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Pfizer, BioNTech: Covid-19 vaccine is 90% effective in Phase 3 trial

No serious safety concerns found in trial but questions remain over how long it can protect against the virus

PARIS: A vaccine jointly developed by Pfizer and BioNTech was 90 per cent effective in preventing Covid-19 infections in ongoing phase three trials, they announced yesterday.

Pfizer and German partner BioNTech are the first drugmakers to show successful data from a large-scale clinical trial of a coronavirus vaccine.

The companies said they have so far found no serious safety concerns and expect to seek US emergency use authorisation later this month. If authorised, the number of vaccine doses will initially be limited.

Many questions also remain, including how long the vaccine will provide protection. However, the news gives hope that other vaccines in development may also prove effective.

US President Donald Trump, who lost last week's election in part over his administration's response to the pandemic, hailed the announcement as "such great news", while Mr Joe Biden cautioned that it will be many months before we see widespread vaccine use.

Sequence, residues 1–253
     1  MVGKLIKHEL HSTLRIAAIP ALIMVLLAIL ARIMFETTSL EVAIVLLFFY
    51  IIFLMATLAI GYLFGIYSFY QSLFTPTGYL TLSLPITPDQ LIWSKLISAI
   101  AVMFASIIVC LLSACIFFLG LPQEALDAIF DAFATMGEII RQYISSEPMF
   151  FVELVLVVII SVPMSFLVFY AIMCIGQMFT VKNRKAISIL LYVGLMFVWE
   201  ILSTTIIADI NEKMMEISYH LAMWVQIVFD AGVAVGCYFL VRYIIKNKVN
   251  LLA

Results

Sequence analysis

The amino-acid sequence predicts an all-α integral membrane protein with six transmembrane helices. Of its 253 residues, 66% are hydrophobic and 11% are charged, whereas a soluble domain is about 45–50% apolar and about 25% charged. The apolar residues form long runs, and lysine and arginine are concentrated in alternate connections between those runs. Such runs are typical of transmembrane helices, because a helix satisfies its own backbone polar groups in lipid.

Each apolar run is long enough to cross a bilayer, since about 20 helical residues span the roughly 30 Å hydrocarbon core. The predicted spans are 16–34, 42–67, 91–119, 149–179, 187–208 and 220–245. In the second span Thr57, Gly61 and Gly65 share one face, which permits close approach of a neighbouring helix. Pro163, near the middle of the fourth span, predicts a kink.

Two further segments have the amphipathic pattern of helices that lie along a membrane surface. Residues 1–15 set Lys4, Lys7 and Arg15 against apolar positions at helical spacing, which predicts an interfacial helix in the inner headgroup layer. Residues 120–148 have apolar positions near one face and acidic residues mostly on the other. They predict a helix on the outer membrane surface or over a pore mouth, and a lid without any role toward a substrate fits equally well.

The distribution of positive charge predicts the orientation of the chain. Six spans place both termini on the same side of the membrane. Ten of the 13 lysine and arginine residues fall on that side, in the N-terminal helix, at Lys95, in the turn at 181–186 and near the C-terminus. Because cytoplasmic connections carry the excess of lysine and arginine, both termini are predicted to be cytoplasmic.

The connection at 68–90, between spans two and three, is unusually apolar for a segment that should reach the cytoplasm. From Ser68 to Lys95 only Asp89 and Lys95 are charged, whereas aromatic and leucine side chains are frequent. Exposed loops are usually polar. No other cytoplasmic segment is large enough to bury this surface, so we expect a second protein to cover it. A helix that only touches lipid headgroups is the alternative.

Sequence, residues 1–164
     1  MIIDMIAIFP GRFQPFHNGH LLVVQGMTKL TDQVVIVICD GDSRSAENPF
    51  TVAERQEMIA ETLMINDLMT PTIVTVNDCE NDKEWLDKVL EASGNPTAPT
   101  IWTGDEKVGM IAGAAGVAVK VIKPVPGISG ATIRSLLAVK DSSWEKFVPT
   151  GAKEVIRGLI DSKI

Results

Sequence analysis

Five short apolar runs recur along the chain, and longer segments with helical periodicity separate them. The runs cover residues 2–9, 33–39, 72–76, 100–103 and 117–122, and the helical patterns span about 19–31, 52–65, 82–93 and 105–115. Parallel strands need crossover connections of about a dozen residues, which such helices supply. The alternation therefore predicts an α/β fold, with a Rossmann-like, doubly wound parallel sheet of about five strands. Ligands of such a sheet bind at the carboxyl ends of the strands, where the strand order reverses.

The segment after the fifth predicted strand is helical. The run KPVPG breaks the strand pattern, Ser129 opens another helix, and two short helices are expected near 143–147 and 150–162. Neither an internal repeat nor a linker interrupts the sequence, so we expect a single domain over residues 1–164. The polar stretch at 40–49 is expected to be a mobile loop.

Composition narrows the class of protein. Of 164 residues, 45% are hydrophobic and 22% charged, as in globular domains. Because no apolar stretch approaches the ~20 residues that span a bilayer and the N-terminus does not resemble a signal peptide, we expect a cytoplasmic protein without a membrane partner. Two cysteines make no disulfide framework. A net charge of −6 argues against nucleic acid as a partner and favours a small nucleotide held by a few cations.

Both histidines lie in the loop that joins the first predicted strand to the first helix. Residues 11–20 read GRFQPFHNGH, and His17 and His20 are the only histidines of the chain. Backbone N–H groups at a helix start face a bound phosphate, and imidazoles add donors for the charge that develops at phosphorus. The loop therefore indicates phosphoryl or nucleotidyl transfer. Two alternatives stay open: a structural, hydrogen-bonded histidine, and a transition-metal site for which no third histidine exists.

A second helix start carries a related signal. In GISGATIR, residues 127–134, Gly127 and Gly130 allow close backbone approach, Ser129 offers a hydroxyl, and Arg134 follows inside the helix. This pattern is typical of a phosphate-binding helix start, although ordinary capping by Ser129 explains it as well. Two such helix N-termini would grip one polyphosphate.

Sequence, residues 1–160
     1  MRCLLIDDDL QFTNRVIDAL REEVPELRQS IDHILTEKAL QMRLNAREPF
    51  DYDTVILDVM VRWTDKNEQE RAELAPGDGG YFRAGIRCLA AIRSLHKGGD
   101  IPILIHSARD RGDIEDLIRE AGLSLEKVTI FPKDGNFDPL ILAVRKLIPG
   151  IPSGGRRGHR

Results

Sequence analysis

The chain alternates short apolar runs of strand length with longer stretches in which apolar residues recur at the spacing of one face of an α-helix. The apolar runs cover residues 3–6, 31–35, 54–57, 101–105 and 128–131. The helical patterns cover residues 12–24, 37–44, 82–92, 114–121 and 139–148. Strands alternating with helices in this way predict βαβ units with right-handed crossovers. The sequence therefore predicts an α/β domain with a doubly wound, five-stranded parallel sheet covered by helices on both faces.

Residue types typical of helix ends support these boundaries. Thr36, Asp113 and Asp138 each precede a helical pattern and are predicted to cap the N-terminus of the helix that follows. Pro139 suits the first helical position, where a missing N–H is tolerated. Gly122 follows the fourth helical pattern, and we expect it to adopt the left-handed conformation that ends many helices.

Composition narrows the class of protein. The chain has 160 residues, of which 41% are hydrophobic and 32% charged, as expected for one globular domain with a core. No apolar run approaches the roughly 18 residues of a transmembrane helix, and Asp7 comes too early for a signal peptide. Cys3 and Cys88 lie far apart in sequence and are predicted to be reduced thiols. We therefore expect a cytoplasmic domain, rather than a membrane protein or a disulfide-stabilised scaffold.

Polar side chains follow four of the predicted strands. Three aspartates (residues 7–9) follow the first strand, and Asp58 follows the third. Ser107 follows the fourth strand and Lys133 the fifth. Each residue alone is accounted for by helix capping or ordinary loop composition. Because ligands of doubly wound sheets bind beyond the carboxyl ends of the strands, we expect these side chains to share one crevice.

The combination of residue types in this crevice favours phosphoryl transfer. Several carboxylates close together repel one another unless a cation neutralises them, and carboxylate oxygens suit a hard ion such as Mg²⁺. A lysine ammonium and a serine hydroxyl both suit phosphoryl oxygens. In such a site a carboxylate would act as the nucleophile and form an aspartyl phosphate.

According to preliminary findings, protection in patients was achieved seven days after the second of two doses, and 28 days after the first.

The companies said they expect to supply up to 50 million vaccine doses globally in 2020, and up to 1.3 billion in 2021.

"The first set of results from our Phase 3 Covid-19 vaccine trial provides the initial evidence of our vaccine's ability to prevent Covid-19," Pfizer chairman and chief executive Albert Bourla said in a statement.

"We are a significant step closer to providing people around the world with a much-needed breakthrough to help bring an end to this global health crisis," he said.

"We are reaching this critical milestone in our vaccine development programme at a time when the world needs it most."

The Phase 3 clinical trial - the final stage - of the new vaccine, BNT162b2, began in late July and has enrolled 43,538 participants, 90 per cent of whom have received a second dose of the vaccine candidate as of Nov 8.

Professor of Emerging Infectious Diseases and Global Health Peter Horby, from the Nuffield Department of Medicine, University of Oxford, said Pfizer's announcement "feels to me like a watershed moment" in the pandemic.

But others pointed out that there would likely be significant logistical problems in getting the vaccine to everyone, especially given it must be kept super-cooled and currently requires two doses to bestow immunity. - AFP, REUTERS

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